Many organizations look at cloud as a way of lowering costs, but the fallout can actually be much broader.
Cloud security and Mobile First – At the same time as organizations are looking at cloud computing and its impact, the consumerization of IT is forcing them to look at how information is delivered to the end users. The security implications of cloud and the delivery of critical business information to mobile devices come together to shift how applications are developed.
Application design shifts – The strengths of cloud (parallel processing in large volumes, remote automated/efficient compute pools, shared resources…) are somewhat incompatible with the way many applications have been written in the past. New techniques and training will be required. The existing application portfolio will need to be review in-depth from a variety of perspectives (value/watt consumed…) to understand where effort needs to be concentrated.
Flexible contracting concessions – At least at the lowest level of cloud (IaaS), most of the cloud services will be sold on “take it or leave it” configuration. Although the service provider will be unwilling to reconfigure their offering to meet the needs of any individual client, they may be willing to trade favorable pricing or other concessions for longer-term or higher volume customer commitments. These variables actually mean something to the service provider’s business plans.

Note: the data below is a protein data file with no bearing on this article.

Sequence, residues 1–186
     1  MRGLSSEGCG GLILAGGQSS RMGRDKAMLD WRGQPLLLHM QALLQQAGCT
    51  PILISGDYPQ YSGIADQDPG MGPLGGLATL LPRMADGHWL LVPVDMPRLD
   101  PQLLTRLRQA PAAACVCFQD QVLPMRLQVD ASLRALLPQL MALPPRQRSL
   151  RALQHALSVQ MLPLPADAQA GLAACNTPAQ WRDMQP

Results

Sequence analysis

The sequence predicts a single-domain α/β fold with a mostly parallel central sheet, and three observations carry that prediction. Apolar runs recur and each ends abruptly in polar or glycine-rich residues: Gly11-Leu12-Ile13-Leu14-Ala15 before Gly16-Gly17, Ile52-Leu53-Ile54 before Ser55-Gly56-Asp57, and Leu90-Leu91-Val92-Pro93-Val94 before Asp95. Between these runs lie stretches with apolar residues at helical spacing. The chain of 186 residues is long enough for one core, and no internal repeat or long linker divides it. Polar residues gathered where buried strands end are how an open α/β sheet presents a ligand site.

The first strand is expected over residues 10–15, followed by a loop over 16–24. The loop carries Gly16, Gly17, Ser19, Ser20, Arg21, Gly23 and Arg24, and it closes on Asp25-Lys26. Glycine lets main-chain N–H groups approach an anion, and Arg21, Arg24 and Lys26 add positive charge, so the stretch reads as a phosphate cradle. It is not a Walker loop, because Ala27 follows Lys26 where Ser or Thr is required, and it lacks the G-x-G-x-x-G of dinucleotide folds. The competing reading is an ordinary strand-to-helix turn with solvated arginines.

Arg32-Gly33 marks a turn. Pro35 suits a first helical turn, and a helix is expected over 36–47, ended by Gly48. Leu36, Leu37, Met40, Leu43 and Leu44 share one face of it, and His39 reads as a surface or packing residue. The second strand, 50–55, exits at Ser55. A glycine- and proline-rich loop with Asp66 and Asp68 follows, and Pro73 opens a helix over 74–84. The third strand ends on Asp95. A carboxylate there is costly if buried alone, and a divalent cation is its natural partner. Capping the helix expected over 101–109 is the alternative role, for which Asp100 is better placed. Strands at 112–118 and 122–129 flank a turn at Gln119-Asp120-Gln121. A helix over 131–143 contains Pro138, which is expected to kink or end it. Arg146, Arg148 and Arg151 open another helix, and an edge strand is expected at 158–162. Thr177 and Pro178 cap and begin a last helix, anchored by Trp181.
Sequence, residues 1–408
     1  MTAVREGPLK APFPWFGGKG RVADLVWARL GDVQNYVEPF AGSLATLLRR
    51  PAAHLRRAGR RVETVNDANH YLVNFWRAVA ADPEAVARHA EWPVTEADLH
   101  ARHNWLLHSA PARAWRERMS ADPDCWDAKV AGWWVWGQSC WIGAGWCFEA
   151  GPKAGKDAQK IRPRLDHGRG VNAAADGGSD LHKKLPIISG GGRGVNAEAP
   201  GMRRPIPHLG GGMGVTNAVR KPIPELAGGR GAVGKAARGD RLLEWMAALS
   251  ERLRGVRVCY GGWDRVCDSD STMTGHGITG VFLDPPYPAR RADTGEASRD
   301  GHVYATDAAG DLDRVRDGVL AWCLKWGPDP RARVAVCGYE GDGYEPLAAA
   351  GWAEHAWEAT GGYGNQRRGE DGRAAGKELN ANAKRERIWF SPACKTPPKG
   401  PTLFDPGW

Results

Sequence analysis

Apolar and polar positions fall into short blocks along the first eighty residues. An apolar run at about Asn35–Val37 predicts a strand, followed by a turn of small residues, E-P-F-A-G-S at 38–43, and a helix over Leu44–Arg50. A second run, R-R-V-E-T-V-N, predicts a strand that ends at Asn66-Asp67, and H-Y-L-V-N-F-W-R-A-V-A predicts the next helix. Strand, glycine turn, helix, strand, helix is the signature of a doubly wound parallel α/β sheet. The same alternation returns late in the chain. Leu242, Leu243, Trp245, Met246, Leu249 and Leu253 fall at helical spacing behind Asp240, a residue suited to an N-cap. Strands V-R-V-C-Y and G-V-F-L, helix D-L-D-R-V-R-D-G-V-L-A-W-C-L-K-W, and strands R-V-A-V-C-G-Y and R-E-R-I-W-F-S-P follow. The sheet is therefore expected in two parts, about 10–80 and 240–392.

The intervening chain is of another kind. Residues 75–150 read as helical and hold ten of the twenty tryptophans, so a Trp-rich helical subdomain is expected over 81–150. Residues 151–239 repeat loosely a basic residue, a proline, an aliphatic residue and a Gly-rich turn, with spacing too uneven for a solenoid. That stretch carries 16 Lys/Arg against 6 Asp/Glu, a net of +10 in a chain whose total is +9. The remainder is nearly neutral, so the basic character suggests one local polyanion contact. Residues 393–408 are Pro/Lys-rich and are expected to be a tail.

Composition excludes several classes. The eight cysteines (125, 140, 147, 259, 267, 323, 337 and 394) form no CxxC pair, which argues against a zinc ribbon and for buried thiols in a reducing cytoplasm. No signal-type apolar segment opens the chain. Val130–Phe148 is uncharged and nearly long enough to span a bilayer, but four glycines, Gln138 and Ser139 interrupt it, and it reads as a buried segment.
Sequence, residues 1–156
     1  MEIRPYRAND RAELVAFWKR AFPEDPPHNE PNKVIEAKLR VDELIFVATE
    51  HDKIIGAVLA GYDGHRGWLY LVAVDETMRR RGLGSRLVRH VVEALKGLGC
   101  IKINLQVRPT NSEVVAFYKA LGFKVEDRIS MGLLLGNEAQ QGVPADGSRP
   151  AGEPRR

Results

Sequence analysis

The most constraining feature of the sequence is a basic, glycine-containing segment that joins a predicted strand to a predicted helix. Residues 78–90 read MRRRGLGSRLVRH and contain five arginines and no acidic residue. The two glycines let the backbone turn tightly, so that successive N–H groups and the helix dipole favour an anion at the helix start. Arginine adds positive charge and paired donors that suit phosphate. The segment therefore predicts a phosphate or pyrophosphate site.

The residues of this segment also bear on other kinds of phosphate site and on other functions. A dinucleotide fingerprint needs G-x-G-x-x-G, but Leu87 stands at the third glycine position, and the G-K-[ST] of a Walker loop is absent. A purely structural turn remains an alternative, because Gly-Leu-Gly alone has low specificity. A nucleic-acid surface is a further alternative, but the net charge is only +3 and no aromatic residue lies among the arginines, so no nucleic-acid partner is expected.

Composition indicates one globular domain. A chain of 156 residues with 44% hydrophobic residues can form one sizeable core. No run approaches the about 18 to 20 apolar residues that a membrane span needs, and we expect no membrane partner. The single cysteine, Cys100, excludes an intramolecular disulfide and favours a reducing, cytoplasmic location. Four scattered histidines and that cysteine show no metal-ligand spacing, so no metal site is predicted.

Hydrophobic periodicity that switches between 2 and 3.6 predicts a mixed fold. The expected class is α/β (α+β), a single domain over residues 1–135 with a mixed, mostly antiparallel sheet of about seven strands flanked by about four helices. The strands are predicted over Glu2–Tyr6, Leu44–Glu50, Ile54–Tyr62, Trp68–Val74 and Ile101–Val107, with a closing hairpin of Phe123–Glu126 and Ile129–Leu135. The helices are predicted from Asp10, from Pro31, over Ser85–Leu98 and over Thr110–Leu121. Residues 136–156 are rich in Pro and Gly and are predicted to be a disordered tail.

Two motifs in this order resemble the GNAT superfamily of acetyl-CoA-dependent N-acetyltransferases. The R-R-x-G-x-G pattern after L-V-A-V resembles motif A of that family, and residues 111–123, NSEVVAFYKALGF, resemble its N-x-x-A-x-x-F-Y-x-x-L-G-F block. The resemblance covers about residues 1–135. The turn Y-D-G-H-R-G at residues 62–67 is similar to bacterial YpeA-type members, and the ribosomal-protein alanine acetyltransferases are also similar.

Flexible Subcontracting – Although the standards are not quite there yet, the flexibility of a more incremental approach to consumption can allow for organizations to contract directly with the underlying cloud technology providers or the relationship can be part of a larger outsourcing/service partner. This is part of IT’s shift in focus from operations to management of relationships and services to ensure effective ...
Consumption knowledge based behavior changes – Now that organizations know more about how resources are consumed, there can be a tendency to tighten the very screws that are providing the visibility and transparency. A shift from just consumption to a real value vs. costs tradeoff needs to be well understood by everyone involved. Know your costs before shifting work into the cloud and be wary of chargebacks or approaches that may stifle adoption if true value is being generated. Be aware of what portion of spend is being consumed addressing old problems and what has been diverted to innovation generating new value.
Back in 2009, I put out a post about measuring cloud adoption, these techniques may be applicable as well.
Those are a few thoughts related to cloud fallout off the top of my head. What others can you think of?